For centuries, one of the most popular things to do around one's home was to create a garden. Gardens were filled with flowers, plants, or food, and they provided enjoyment and sustenance for the homeowner. The tradition of gardening continues to this day as gardens of all types and shapes can be found around nearly every home. Some gardens are small and might even fit on a windowsill.
Others are much larger and can occupy a significant portion of the property. Some gardens are obviously more than a haphazard collection of plants and flowers, they are planned, organized, beautiful, and often thematic; and those gardens are the product of landscape gardening. Landscape gardening has origins that go back centuries and to different continents. English gardens of the 18th century had many elements that are associated with modern landscape gardening. English gardens (or landscape gardens as they were known in England) often revolved around a pond, and would have small bridges and pavilions that were used as vantage points. In the Far East, Japanese and Chinese gardens were prevalent, and remain popular to this day.
Eastern gardens typically had stone features, and like English gardens they often feature water, bridges, and a pavilion. However, landscape gardening is not limited to those styles, and the evolution of the craft has taken many turns through the decades. Modern gardens may incorporate the features of their ancestors, but they can have a personality of their own as well. Landscape gardening not only embraces elements of gardens past, but also demonstrates many aspects of architecture as well.
Attention to color, line, scale, and texture all must come together to create an aesthetically pleasing garden. Good color schemes typically match similar colors to other similar colors, such as warm reds to warm yellows, and cool blues to cool greens. Warm colors tend to excite the senses and attract attention, while cooler colors are likely to have a relaxing effect (perfect for a mediation garden!). Another classic element of architecture that gardening requires is attention to the line.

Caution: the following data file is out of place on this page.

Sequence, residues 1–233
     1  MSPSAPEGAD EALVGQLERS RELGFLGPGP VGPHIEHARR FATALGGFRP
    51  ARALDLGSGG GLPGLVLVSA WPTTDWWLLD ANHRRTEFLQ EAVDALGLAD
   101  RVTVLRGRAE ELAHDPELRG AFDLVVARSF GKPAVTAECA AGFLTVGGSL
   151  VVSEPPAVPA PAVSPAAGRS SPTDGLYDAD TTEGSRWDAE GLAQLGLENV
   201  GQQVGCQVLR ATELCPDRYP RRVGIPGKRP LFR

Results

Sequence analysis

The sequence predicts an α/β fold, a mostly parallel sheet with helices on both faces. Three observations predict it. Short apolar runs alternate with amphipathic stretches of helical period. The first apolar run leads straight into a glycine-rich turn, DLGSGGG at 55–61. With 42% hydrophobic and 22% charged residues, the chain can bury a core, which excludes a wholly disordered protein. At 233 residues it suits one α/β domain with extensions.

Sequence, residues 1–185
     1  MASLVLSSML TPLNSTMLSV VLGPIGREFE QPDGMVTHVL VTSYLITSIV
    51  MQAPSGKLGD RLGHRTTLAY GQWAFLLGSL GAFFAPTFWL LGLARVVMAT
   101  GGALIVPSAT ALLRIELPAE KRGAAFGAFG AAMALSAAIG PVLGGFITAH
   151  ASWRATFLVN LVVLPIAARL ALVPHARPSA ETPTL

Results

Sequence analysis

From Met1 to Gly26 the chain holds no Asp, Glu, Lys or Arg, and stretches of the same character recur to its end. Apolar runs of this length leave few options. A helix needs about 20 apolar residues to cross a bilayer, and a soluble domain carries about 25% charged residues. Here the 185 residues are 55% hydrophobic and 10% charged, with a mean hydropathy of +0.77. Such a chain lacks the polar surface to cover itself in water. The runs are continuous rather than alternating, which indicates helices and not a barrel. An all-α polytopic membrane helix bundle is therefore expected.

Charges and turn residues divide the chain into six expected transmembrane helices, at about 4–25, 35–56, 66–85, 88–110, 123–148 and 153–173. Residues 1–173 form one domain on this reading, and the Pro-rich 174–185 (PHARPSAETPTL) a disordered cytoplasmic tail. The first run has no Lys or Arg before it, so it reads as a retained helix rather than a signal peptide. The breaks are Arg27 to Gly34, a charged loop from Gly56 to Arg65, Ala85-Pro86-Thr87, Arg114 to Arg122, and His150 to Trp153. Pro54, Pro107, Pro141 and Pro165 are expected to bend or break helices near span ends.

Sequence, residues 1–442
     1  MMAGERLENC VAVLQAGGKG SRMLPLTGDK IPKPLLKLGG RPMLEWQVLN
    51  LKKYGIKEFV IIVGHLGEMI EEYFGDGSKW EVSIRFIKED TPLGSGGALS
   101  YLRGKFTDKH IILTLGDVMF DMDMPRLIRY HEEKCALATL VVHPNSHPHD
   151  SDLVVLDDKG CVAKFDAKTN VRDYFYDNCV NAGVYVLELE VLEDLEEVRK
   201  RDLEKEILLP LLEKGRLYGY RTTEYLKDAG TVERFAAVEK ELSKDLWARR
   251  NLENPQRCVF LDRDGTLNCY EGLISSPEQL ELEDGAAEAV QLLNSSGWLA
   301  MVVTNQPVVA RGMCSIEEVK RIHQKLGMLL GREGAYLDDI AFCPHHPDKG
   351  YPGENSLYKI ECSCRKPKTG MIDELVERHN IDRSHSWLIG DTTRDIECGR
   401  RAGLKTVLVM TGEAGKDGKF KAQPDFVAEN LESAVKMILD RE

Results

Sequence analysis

The line of a design relates to the way a viewers eye follows the groupings of plants and border areas. Smooth flowing lines or abrupt straight lines can impart a different feel and elicit a different response from those who are viewing the garden. Texture and form are closely related to the concept of the line. Form relates to the prevalent shapes in your garden, such as triangular conifers or rounded bushes, and texture is predicated by the way various plants work together to create a look, whether that look is soft, course, or something in between. Once you have established your selection of plants and flowers, and your textures and forms, you can compliment those items with a hardscape that is fitting with your tastes.
Fences, walls, stonework, fountains, statues, and gazebos, they are all hardscape items that are integral to landscape and they will help provide your theme and focal points. Install those items first and then fill around them to create a wonderful garden. Landscape gardening remains popular not only because of its beauty but its function as well. Not only can a garden provide solitude and harmony to your home, it can help augment the best parts of your property such as a great view or wandering creek. A landscape garden can also be used to block out undesirable views, or to cover parts of your property that are not as appealing. Ultimately the direction you go with landscape gardening is entirely up to you.
By adhering to the classic lements of landscape architecture, and finding a theme and texture that compliments your home, your foray into landscape gardening is sure to provide you with enjoyment, relaxation, and added value to your home.
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